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Amazing feats nothing new for Buena Park's Boston
BUENA PARK — Deven Boston had just turned 14 years old when his mother, LaTonya, went on a two-week business trip to Chicago. It was August of 2010 and Boston was set to begin his freshman year at Buena Park High. At 5-foot-7, 150 pounds, he was LaTonya's little running back.
And then she returned home.
LaTonya will never forget the day she came back from Chicago, meeting her family at the airport and, for a moment, not recognizing her own son. Deven Boston had literally grown up over a fortnight.
"He grew two-and-a-half inches in two weeks," LaTonya said. "His shoe size had jumped from a nine and a half to a 12. He gained 20 pounds. He didn't have any clothes that fit. It didn't make any sense."
Welcome to one of perhaps many mystifying two-week spans in the life of Boston.
In the 14 days between Buena Park's season opener and last week's meeting with Magnolia, Boston, now a hulking 6-1, 205-pound junior, rushed for 824 yards and 14 touchdowns, averaging an otherworldly 14.2 yards per carry in his team's three decisive victories. In the third game, a 51-12 defeat of Magnolia, he rushed for 410 yards and five touchdowns.
All of this has many wondering, how good is Boston and is Buena Park for real? The Coyotes' home game Thursday against JSerra of the Trinity League and Pac-5 Division might provide some answers.
"People are going to be watching," Boston said. "We're going to show them what we can do. Our family versus their team."
Family? Boston didn't use the term by accident.
Ask him about last week's career day and he deflects credit to his offensive linemen and his weight-lifting partners.
"I can trust the guys around me," Boston said. "I know they're going to do their job, so I can do my job. We're all brothers. We treat each other equally. I was real surprised with 400 yards. I did not expect that. But I expected my team's success. We've worked for it.
"I couldn't have done it without everyone supporting me."
That includes the Coyotes' coaching staff and head coach Anthony White, a former tailback who played at Utah under Urban Meyer. White arrived on the Buena Park campus at the same time Boston did and immediately sought out the quiet kid, befriending him before coaching him.
These days the two communicate in some facet every day, including before and after each practice.
"He's a father figure," Boston said.
It's what Boston needs now more than ever.
This past Mother's Day, Deven Boston's father, George, a first class operation specialist in the Navy, was deployed to an undisclosed part of the Middle East. He's been gone for four months and hopes to return to his family by Christmas.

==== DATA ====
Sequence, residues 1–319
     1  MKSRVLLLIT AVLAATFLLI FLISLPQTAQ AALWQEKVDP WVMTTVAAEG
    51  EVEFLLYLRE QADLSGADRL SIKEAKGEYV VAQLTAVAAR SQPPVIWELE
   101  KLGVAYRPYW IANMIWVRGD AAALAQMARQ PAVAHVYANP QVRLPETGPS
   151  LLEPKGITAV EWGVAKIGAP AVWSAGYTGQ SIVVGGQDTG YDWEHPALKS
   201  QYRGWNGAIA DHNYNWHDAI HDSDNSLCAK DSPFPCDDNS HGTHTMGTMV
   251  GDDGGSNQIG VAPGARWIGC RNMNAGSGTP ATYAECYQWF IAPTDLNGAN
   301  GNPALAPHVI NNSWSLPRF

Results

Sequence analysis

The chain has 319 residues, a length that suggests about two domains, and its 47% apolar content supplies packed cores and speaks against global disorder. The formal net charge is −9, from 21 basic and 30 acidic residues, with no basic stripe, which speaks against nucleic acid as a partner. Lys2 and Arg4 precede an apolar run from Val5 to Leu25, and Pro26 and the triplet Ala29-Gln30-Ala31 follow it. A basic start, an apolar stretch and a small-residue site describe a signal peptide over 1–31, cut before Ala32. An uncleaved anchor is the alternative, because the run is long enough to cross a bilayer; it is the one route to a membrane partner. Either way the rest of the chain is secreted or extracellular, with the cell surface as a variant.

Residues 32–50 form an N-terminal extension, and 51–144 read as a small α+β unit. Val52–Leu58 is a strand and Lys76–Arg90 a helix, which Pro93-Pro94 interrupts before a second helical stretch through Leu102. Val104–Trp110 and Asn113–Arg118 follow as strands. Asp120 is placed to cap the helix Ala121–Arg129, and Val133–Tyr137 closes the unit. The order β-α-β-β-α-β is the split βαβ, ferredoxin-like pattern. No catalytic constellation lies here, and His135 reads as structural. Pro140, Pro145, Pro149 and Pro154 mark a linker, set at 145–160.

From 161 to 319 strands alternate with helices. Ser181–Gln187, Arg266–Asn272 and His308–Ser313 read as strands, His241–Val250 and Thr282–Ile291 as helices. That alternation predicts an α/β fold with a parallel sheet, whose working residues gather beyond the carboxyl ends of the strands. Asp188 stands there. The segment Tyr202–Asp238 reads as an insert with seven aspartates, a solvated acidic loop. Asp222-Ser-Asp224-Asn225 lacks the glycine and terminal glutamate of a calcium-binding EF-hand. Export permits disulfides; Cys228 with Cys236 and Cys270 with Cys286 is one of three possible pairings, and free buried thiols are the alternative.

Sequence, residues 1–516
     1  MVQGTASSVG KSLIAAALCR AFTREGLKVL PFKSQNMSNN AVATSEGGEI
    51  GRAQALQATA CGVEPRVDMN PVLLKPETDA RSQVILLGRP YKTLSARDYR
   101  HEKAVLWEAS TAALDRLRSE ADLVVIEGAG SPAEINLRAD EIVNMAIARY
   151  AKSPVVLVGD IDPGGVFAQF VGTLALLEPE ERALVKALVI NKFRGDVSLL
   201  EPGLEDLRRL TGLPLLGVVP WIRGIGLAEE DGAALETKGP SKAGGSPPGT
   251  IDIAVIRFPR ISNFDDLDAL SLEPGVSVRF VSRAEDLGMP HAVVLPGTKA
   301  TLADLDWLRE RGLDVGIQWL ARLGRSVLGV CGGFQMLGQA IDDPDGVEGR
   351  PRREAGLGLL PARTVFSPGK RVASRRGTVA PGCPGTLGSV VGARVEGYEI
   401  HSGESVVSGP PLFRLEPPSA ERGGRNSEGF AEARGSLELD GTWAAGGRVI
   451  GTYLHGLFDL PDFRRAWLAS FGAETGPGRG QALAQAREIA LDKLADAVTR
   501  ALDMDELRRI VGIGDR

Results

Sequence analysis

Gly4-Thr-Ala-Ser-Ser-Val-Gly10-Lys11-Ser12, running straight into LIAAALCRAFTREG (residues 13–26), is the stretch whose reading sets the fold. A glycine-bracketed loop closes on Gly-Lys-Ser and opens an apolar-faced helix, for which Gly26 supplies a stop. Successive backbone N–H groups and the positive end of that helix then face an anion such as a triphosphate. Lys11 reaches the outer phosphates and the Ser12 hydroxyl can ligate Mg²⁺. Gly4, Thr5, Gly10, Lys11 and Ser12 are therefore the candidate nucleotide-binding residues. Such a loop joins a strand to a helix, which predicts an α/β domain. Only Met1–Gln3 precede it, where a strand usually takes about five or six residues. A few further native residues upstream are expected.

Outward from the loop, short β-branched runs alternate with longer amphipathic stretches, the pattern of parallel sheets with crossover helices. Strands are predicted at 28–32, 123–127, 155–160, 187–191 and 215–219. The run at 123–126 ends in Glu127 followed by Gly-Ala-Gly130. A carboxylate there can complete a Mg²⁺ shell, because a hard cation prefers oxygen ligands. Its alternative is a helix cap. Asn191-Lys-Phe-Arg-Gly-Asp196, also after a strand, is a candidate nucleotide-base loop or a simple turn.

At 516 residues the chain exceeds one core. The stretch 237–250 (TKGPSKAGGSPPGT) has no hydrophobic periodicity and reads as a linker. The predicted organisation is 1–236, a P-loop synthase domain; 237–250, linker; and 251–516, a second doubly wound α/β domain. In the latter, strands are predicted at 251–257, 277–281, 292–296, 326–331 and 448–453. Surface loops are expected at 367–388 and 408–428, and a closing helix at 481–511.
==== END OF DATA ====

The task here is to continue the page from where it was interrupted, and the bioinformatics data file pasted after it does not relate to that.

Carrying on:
"All service members find it tough and sometimes heartbreaking to be away from our families," George wrote in an email. "It's even tougher for me in that I'm not there to witness this incredible start."
Helping ease the pain is LaTonya sending him articles about Deven and the football program uploading its games in their entirety on Hudl. Hour-long Skype sessions every week have also been therapeutic for father and son. The two have always enjoyed their time together, especially when George would show Deven highlights of iconic tailbacks like Tony Dorsett, Walter Payton, Earl Campbell and Roger Craig.
"I did this to try and fine tune the raw talent that he already has, and to give him ideas about different running styles," George said.
White said it's clear Deven took good mental notes.
"It's not just, he's open and he's faster than everybody," said White, noting Boston has begun to garner interest from several Pac-12 programs and a few Big Ten schools. "There's hard work and dedication and mental toughness and physical toughness that goes into being one of those top quality backs.
"He's not a coach watcher, someone that works hard (only) when the coach is watching him. He's a football player."
Deven is also very much a student. He initially struggled his freshman year, admitting he didn't take school as seriously as he should have, and ended up in White's academic boot camp. But he learned to reprioritize school over sports, a credit to his parents, both of whom have college degrees, and he now maintains a GPA above 3.0.
This fall he's taking AP calculus, chemistry honors, and Spanish III.
Deven said when he's on the field or in the classroom, his father, even though thousands of miles away, is the biggest driving force.
"I want to make him proud," he said.
Too late, George said.
"He wants to make me proud? I'm already proud and not just about football," George said. "He and his brother DeAngelo are helping to hold down the fort when I'm away."
Deven is used to growing into bigger shoes while one of his parents is gone.
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